Nola, the Big Easy, “laissez les bons temps rouler” — when one hears these terms, only one city comes to mind: New Orleans.
For a city of its size, New Orleans sure offers its residents a lot of exciting festivals, parks, and neighborhoods to explore. And even though it’s Louisiana’s largest city, it’s still known for its laid-back atmosphere and easygoing pace.
But no matter where you venture within the city, the Big Easy is sure to pull out all the stops when it comes to food. Here are just a few of the dishes that should be on your culinary bucket list for your next visit to New Orleans.
Most people know about “Po’ Boys”, gumbo, and jambalaya — three famous New Orleans dishes that you certainly should seek out while you’re in the city. But beyond those are the truly exotic, hidden food gems that only the locals seem to order. That is, until now.
This first surprise can be ordered as a part of a “Po’ Boy,” one of the city’s famous sandwiches, at Crescent City Brewhouse. While the unconventional meat is tasty, it is also known for being slightly chewy, and it doesn’t have much of its own flavor. For this reason, when ordered in sandwich form, the array of sauces truly help make the alligator meat shine. That being said, there are other surprises awaiting you that may supersede the fried alligator, in the end.
TURTLE SOUP AND OYSTERS
Whoever thought of adding turtle meat to a soup had definitely gotten bored of chicken noodle, but they started a trend that really works! Check out this delicacy in Pascal’s Manale, a favorite among New Orleans locals. Their turtle soup is creamy, with a generous portion of bite-sized pieces of turtle meat, and is reminiscent of New England clam chowder. At the same restaurant, you can also take advantage of “oyster happy hour,” where you can order a dozen freshly shucked raw oysters for less than $4. Needless to say, Pascal’s Manale is perfect for anyone who wants a local experience in New Orleans.
If your alligator cravings haven’t been satisfied at this point, or if you were feeling a bit underwhelmed by the fried alligator, head to Dat Dog, a local hot dog and sausage joint that has a wide selection of meats to choose from. The alligator sausage is unbelievable and doesn’t taste the way you’d expect it to — the chewiness that so often accompanies alligator meat is replaced with tenderness, flavor, and delicious toppings.
All coastal areas have some claim to fame when it comes to seafood, and New Orleans has already topped the charts with its oysters, but the most notable fish to make its way into the local cuisine is the crawfish. These small crustaceans look similar to lobsters but are conveniently bite-sized. A common way to eat them is to buy one to two pounds (one-half to one kilogram) to share with your friends, and just sit down and eat them one-by-one! The crawfish are usually cooked in a spicy sauce that lingers pleasantly on your tongue for a few seconds, which serves as a subtle reminder at just how quickly good things seem to come to an end. Although you can find them all over the city, Jefferson Seafood Shack is known for cooking them just right!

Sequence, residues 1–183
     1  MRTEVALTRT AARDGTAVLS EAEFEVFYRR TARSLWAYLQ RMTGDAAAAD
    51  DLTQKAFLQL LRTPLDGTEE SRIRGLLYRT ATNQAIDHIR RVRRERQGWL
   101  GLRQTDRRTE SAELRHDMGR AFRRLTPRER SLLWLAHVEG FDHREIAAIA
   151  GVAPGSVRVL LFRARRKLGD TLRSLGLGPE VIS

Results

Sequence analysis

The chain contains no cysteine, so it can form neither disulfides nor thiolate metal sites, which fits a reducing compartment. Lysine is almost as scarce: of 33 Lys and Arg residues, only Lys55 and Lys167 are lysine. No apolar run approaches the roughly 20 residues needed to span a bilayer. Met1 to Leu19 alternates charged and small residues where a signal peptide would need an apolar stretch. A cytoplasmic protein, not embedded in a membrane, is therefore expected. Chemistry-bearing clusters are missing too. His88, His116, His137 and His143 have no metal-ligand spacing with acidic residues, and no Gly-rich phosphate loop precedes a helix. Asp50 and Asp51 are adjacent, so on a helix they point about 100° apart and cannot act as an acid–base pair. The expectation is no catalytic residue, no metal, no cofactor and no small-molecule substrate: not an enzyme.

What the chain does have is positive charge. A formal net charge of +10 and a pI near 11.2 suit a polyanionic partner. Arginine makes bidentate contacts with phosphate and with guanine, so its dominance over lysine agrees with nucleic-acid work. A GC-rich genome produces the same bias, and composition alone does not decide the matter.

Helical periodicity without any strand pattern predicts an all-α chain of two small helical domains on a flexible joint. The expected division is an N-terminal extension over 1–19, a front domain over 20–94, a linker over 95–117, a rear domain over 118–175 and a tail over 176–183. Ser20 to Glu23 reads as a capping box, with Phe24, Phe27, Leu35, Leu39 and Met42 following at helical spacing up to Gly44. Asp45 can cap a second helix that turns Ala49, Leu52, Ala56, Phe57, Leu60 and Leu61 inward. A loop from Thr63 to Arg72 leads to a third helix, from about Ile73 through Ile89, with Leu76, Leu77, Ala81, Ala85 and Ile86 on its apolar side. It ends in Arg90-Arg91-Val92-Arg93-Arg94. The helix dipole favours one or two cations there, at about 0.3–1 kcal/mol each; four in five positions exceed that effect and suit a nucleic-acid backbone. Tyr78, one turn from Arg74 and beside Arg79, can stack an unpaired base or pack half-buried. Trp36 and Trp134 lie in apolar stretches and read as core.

If you’re craving something sweet, nothing beats the Mardi Gras staple that is King Cake. A sweetened bread with a flavored filling inside, this classic can only be found in certain cities during the Mardi Gras season — and it’s worth seeking out several times over the course of a vacation in New Orleans. That said, there are two major styles you’ll come across: New Orleans style and French style. The major difference between the two is the texture; the New Orleans version is more bready and is usually iced, while the French version is flakier and is often plain on top. I found that PJ’s Coffee is the perfect place to settle down with a slice New Orleans style King Cake, and Maple Street Patisserie is the best place to buy a French version. Needless to say, both types will flip your world upside-down, so you can’t go wrong with whatever you choose.
If it’s not Mardi Gras season, head to Laura’s Candies for pralines. There caramelized confections are a rich mixture of sugar, nuts, and sometimes cream. In the local New Orleans shops, you’ll see them lined up in rows inside display cases, each one with a different flavor — from almond to coconut to chocolate. At Laura’s, you can even sample as many different types as you want! It’s hard not to fill up on samples, though — so be warned.
And, of course, you can’t miss the famous Beignets from Café du Monde. This old-timey location consists of an indoor store as well as an outdoor covered canopy where you can simply sit as a server takes your beignet order. When you realize just how delicious these pieces of fried dough covered in powdered sugar are, your heart will melt just as fast as the sugar does when it hits your tongue.
New Orleans is more than just jazz and letting loose; it’s about filling your belly with some of the best cuisine in the American South. It’s about trying something new, being pleasantly surprised by it, and then letting that surprise carry you on to try something else.
Before you know it, your time in Nola will be up, and you’ll feel like you’ve only eaten your way through half the city. I was fortunate to have a local friend of mine, Justin Gitelman, guiding me to some of the best spots, but even we could not scratch the surface of all the city has to offer. Fortunately, the Big Easy isn’t going anywhere, and there is plenty of time to return for the culinary journey that awaits. Here’s to letting the good times roll, and letting the good food leave you wanting more!
Header image by Westley Ferguson